The orchestra ran a $6.1 million deficit last season (2012-13), with a budget for that year of around $71 million. Matthew VanBesien, the executive director, is pleased with the deal. He notes that he has a long-term plan for putting the orchestra on a better financial basis and also that the orchestra had a record year of fund raising.

You'll notice that, despite the deficits and despite a $21 million pension contribution shortfall, there's no talk of a lockout or "new models" here. Unlike the MOA, VanBesien, management, and the board understand that their job is to enable great music making.

Sunday, December 15, 2013

Peter O'Toole

Almost ten years ago, I spent five weeks in London doing research for a book that never got written. I saw a few operas and concerts, and also went to see the big-screen action/history film Troy, in which Brad Pitt gives perhaps the worst performance of his career as Achilles. (A friend who says Pitt is a great character actor with a leading man's face has it just right.) Eric Bana's Hector impressed me greatly, but then 2/3 of the way through the film, there was an actor I did not recognize as Priam, Hector's father, giving a towering performance while pleading for his son's body.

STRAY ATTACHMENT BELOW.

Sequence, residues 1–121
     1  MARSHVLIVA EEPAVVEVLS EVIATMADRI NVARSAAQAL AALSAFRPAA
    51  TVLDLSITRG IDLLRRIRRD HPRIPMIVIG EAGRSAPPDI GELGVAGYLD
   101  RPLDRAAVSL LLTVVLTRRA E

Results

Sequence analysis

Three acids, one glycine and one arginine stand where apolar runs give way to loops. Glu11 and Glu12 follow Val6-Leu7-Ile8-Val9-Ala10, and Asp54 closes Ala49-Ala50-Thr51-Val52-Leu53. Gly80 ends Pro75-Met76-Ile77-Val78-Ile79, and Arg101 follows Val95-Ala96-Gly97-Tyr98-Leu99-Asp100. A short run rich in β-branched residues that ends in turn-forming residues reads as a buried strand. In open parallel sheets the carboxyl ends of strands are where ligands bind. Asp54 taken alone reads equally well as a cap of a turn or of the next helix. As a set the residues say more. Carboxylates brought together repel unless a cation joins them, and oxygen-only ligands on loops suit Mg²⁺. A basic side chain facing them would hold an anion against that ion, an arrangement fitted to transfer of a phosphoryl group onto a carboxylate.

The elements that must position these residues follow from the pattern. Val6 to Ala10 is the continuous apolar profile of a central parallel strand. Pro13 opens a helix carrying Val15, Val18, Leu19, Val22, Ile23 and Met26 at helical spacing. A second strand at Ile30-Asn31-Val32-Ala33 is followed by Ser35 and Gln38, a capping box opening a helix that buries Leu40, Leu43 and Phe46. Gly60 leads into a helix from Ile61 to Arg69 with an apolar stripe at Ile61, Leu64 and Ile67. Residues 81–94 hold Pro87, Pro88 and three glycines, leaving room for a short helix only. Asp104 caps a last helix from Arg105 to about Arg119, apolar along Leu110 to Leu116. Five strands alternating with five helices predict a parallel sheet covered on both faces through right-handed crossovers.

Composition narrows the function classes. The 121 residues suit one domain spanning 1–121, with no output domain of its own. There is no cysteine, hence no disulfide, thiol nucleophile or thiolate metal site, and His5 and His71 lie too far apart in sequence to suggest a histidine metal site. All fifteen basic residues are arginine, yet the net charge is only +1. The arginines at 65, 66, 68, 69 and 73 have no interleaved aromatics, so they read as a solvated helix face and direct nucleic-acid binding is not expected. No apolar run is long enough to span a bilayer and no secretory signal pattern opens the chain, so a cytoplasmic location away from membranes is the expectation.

The credits finally crawled, seemingly hours later, and with them came the explanation: it was Peter O'Toole.

O'Toole has died, age 81, leaving behind a long, long career of extreme carousing and great acting in films great and small, from Lawrence of Arabia, in which he is young, beautiful, and tortured, to cult favorites such as My Favorite Year and The Stunt Man. Nominated eight times for an Academy Award as Best Actor, he didn't win even once. (If you're wondering what could possibly have topped O'Toole's Lawrence, it was Gregory Peck as Atticus Finch. And there was a lot of competition that year.)

RIP, Peter O'Toole, and deep thanks for all the memorable movies.

Friday, December 13, 2013

More on that MOA Press Release

You really need to read the following to fully understand the degree of delusion and deception in the MOA press release that I reprinted the other day:

Wednesday, December 11, 2013

Declaring Victory

The Minnesota Orchestra Association put out a press release today about its year-end financial results. The press release may be summarized thusly:

Look, we had a great year!

Even though the orchestra hasn't performed in 13 months.

Alex Ross quite rightly calls out the following bullshit:
'The fact that the organization’s deficit is substantially smaller in a year without any performances indicates the degree to which this business model is out of alignment,' said Board Chair Jon Campbell.
Jon Campbell, do you know what the purpose of a symphony orchestra is, in 25 or fewer words?

The entire press release is after the jump. Read it and weep. 

Tuesday, December 10, 2013

Online Advent Calendars

Musical and otherwise:

Dear TSA: